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Karen Bass got a USC degree for free. It's now pulling her into a federal corruption case

LA Times logo LA Times 9/7/2022 Matt Hamilton
Rep. Karen Bass is the leading contender to be L.A.'s next mayor, but her inclusion in a legal case could fuel political attacks from competitor Rick Caruso. (Christina House / Los Angeles Times) © (Christina House / Los Angeles Times) Rep. Karen Bass is the leading contender to be L.A.'s next mayor, but her inclusion in a legal case could fuel political attacks from competitor Rick Caruso. (Christina House / Los Angeles Times)

During the last decade, two influential Los Angeles politicians were awarded full-tuition scholarships valued at nearly $100,000 each from USC's social work program.

One of those scholarships led to the indictment of former L.A. County Supervisor Mark Ridley-Thomas and the former dean of USC's social work program, Marilyn Flynn, on bribery and fraud charges.

The other scholarship recipient, Rep. Karen Bass, is the leading contender to be L.A.'s next mayor.

Federal prosecutors have made no indication that Bass is under a criminal investigation.

But prosecutors have now declared that Bass' scholarship and her dealings with USC are "critical" to their bribery case and to their broader portrayal of corruption in the university's social work program.

Mark Ridley-Thomas is at the center of a federal corruption scandal. (Dania Maxwell / Los Angeles Times ) © (Dania Maxwell / Los Angeles Times ) Mark Ridley-Thomas is at the center of a federal corruption scandal. (Dania Maxwell / Los Angeles Times )

When jurors ultimately decide whether to convict Ridley-Thomas and Flynn, prosecutors have indicated they want Bass' relationship with USC, the largest private employer in her congressional district, to inform their verdict.

By awarding free tuition to Bass in 2011, Flynn hoped to obtain the congresswoman's assistance in passing coveted legislation, prosecutors wrote in a July court filing. Bass later sponsored a bill in Congress that would have expanded USC's and other private universities’ access to federal funding for social work — "just as defendant Flynn wanted," the filing states.

Flynn is charged for what prosecutors allege was a quid pro quo with Ridley-Thomas involving a scholarship awarded to his son in exchange for lucrative county contracts. To bolster their case, prosecutors have pointed to an email from Flynn in which she noted doing "the same" sort of scholarship-for-funding with Bass.

Bass' name is redacted in much of the court filings, which prosecutors said accorded with Department of Justice policy. The Times confirmed her identity through case records, people familiar with the matter and some copies of emails that were briefly filed in court this summer and later redacted.

Federal prosecutors declined this week to elaborate on their statements about the scholarship. "At present and based on the evidence obtained to date, Rep. Bass is not a target or a subject of our office's investigation," said Thom Mrozek, director of media relations for the U.S. attorney's office in L.A.

But with Flynn and Ridley-Thomas on trial in November, the circumstances of Bass' free master's degree could become an increasingly contested part of the case. In June, Flynn's lawyers subpoenaed USC for correspondence pertaining to Bass' scholarship and any honors or benefits given to the congresswoman, according to a copy of the subpoena filed last month.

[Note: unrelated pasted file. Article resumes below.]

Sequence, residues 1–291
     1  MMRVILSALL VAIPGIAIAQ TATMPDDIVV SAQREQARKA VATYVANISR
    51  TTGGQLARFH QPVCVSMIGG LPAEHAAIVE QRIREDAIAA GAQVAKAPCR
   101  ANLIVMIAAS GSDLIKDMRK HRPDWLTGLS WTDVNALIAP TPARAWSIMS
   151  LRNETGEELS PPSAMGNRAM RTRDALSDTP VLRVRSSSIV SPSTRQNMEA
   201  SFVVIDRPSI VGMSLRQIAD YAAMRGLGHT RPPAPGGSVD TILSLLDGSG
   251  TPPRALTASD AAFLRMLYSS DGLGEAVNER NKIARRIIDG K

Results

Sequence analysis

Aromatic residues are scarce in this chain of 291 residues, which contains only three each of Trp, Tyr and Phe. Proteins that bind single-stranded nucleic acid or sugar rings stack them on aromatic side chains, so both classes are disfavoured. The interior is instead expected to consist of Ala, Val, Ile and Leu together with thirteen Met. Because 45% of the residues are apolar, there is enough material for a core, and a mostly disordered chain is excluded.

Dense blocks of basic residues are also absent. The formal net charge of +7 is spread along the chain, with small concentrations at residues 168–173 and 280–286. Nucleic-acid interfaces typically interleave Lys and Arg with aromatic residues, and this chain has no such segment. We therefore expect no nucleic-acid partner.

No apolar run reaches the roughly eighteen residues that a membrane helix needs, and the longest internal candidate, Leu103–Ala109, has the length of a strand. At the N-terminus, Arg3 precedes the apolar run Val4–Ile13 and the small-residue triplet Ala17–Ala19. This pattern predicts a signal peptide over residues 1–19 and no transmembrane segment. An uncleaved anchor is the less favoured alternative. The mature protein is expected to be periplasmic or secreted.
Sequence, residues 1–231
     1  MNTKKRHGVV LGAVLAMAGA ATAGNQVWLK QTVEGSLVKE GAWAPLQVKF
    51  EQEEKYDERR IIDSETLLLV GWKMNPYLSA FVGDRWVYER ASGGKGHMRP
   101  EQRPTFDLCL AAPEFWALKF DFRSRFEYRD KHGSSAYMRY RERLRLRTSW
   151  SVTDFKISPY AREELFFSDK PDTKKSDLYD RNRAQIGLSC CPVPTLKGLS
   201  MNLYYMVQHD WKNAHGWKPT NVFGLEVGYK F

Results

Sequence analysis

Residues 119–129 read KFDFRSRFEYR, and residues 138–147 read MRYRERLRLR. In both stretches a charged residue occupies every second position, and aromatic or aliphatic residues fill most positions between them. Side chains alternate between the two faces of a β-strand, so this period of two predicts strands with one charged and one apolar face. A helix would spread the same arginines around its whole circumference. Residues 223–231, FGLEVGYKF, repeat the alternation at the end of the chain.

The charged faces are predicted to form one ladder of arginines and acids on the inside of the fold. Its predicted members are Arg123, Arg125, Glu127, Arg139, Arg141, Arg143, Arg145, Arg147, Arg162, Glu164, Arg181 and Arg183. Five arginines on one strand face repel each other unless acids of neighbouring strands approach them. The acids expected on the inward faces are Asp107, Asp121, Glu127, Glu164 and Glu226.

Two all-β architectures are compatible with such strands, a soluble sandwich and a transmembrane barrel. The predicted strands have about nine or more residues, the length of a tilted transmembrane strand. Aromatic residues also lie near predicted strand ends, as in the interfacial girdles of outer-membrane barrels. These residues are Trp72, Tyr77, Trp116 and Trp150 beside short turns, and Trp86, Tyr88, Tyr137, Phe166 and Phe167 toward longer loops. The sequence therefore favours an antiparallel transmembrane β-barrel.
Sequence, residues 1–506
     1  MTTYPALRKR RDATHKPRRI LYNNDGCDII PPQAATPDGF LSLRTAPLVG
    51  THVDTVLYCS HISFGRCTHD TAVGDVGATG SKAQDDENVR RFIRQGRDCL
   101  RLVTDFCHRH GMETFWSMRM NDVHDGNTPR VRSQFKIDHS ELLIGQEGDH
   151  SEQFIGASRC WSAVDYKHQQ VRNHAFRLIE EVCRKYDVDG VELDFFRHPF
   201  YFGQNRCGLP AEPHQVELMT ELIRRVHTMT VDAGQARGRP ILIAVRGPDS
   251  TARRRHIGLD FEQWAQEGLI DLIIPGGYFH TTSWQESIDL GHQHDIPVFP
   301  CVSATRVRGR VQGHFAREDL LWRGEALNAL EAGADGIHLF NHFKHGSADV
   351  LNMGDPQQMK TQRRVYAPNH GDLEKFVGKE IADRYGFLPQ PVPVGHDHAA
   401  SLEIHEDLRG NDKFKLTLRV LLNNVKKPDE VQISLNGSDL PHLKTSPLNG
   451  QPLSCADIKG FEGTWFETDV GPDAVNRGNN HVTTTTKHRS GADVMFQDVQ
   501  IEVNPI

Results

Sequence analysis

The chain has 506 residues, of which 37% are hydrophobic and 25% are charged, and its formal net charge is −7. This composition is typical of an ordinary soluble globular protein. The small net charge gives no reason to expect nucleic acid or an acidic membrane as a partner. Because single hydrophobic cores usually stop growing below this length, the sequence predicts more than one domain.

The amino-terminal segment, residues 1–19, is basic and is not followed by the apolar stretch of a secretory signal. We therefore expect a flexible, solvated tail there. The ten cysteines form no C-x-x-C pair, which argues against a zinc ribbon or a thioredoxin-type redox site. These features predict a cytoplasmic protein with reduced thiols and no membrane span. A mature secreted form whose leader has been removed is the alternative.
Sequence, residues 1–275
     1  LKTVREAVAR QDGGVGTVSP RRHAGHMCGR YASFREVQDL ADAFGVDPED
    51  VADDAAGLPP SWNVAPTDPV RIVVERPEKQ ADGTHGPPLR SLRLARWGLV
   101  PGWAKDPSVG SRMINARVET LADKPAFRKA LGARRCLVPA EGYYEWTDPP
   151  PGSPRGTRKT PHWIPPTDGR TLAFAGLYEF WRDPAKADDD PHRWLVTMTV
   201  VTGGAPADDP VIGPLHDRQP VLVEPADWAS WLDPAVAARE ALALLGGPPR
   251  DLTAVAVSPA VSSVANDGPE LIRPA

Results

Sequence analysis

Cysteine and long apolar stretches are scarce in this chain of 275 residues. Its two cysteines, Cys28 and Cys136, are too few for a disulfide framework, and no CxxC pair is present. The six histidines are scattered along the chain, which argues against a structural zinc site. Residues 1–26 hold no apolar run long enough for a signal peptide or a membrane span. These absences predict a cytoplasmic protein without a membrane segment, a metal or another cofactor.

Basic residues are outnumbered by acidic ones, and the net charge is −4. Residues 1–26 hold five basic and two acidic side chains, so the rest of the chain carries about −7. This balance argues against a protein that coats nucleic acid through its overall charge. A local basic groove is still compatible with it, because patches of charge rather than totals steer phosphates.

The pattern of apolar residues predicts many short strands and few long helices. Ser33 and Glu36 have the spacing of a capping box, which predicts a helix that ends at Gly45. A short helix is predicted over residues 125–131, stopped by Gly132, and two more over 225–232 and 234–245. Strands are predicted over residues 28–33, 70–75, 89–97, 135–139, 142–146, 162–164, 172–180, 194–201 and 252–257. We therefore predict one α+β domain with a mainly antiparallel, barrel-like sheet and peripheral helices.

A court battle over the involvement of Bass' scholarship could in turn offer grist for political attacks as she heads into the final weeks of her mayoral campaign against developer Rick Caruso.

Through a spokesperson, Bass denied ever speaking with Flynn about federal funding for social work programs at private universities while the pair discussed her attendance at USC. Asked whether it was apparent that Flynn had a legislative agenda in offering the scholarship, Bass said, “No.”

“Everybody knows that the welfare of children and families has been a passion and policy focus of mine for decades,” Bass said. “The only reason I studied nights and weekends for a master’s degree was to become a better advocate for children and families — period.”

‘Clearly’ a gift

The Times revealed the Bass scholarship last year, noting that full-tuition awards like the one she received were not publicized, had no formal application process, and were more generous than grants typically given to other students.

In an interview last fall for that article, Bass said that she didn’t apply for the social work program; Flynn apparently made the decision to admit her after learning of her interest in getting a graduate degree.

Before accepting the scholarship, Bass said, she wrote to the House Committee on Ethics in 2011, requesting an exemption on the rule prohibiting gifts to members of Congress. She told ethics officials the graduate degree would deepen her knowledge of child welfare policy and help her better represent constituents, according to congressional records.

Karen Bass at City Hall on April 8, 2022. (Christina House / Los Angeles Times) © (Christina House / Los Angeles Times) Karen Bass at City Hall on April 8, 2022. (Christina House / Los Angeles Times)

The two leading members of the ethics committee at the time, Jo Bonner (R-Ala.) and Linda Sanchez (D-Whittier), ultimately concluded that although the scholarship was “clearly” a gift, and Bass’ status as a congresswoman was a factor in her receiving it, this constituted “an unusual case” justifying an exception, according to a letter summarizing the committee's findings.

Bass enrolled in her first online class in early 2012, midway through her first term in Congress. The full value of her scholarship, about $95,000, was not listed in her annual financial disclosures until 2019.

Bass blamed the omission of tens of thousands of dollars in scholarship money on a former staffer. Asked if she reviewed the forms before they were submitted, she said, "Not necessarily .... And even if I did, that level of detail, I would not."